I think a combination of some of these gives you a deeper appreciation! Getting the City's "Iamsterdam" card (earlier review) can give you a few options making the best use of your time.

I found a gem in the St. Nicolas Boat Club. Go to "Boom Chicago". As you walk in and to your right there is (was) a sign up sheet with the times. You come back at that time and one of the guys walk you over to the boat. When I went the boat was about 3-4 blocks away and it was a total of 7 passengers. They take you for about an hour boat ride. I asked a lot of questions and Diego gave some great tips like that place to get the great apple pie (when I go to Amsterdam in August I will find the place and write a review on it). They don't charge but donations are welcomed. In comparison you get so much more that you will on the big boats.

You can take one of the big commercial outfit and get that tourist feel. Also try renting a bicycle and make your rounds that way.

There is a rich history associated to the canals, explore and discover!
magnificent says:
A very charming experience. I went again last year but no post for it however I do have a blog enjoy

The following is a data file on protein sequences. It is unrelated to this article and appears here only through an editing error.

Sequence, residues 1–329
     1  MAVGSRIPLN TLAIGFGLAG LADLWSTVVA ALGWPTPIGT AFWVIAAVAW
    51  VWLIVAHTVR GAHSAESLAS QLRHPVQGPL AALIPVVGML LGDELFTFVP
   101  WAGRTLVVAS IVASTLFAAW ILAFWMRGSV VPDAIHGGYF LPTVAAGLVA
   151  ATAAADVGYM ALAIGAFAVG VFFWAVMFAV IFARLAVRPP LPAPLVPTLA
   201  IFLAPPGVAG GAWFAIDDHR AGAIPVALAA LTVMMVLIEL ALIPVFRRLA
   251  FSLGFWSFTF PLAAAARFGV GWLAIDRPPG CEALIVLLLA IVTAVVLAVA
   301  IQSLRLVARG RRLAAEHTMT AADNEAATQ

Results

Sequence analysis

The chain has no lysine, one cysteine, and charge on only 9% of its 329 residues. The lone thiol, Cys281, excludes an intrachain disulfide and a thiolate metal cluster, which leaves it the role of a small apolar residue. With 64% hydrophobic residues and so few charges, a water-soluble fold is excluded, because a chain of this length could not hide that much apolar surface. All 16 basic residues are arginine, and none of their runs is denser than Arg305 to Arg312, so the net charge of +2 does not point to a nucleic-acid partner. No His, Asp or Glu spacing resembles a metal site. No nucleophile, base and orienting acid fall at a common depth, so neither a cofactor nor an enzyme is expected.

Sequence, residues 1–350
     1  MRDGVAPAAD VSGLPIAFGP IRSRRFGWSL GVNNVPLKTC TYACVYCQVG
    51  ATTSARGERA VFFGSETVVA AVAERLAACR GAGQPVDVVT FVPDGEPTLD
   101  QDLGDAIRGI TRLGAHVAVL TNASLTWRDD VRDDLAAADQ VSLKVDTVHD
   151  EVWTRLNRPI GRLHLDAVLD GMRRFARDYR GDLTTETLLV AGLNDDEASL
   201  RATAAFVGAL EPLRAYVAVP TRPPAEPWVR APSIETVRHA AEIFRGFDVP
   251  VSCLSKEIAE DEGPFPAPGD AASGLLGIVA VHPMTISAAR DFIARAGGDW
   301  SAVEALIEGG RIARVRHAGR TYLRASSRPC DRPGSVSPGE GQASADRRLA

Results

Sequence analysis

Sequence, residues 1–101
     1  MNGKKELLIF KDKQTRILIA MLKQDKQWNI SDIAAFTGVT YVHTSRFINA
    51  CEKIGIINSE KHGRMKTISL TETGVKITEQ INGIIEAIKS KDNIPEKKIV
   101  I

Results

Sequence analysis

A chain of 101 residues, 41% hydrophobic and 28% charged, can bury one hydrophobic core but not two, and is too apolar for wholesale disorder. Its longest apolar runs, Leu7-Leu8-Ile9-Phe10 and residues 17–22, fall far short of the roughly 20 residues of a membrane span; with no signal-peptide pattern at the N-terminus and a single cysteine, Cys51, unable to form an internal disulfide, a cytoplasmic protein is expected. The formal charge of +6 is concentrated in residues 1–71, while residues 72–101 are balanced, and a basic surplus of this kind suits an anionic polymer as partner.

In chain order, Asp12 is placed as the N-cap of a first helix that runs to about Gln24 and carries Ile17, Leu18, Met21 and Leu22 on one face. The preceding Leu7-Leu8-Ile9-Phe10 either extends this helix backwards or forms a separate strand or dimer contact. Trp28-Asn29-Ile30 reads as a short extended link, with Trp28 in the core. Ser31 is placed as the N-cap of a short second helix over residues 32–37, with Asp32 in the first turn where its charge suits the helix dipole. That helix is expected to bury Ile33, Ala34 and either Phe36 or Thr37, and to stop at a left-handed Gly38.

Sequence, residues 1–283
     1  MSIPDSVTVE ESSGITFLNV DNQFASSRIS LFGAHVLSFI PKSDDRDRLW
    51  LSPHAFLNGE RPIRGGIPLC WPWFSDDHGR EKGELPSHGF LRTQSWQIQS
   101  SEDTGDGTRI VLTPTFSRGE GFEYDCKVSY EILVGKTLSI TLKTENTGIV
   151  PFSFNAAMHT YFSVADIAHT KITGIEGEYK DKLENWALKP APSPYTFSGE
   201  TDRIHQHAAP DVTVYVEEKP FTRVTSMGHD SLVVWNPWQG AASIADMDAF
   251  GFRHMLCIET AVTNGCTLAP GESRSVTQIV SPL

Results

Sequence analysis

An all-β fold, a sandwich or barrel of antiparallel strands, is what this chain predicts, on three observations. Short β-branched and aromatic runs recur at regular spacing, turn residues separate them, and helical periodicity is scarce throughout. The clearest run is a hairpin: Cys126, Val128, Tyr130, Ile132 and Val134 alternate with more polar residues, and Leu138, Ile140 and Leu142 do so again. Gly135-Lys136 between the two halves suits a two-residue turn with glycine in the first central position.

Posted on: Feb 20, 2011
SamsTravels says:
Great Review! I am going to Amsterdam in a few weeks and are reading up on things to do whilst I am there! Thanks for teh tip about this attraction! Sam :@)
Posted on: Feb 16, 2011
denizsen denizsen
2 reviews
canal tour is a must in amsterdam Jun 19, 2008
Very relaxed and pleasant way to tour Amsterdam, or after you tired from walking or biking around then take the boat tour, captain take you all around amsterdam trough the greatest canal of amsterdam, then the crosS harbour and return back the original point. Takes around 45 min. and costs only 8 Euro (very good value) Dont miss it.
SamsTravels says:
Great Review! I am going to Amsterdam in a few weeks and are reading up on things to do whilst I am there! Thanks for teh tip about this attraction! Sam :@)
Posted on: Feb 16, 2011
academyuk says:
I'll be there next week for the first time. I'm so excited. well, I dreamed of this trip...:)))
Posted on: Sep 01, 2010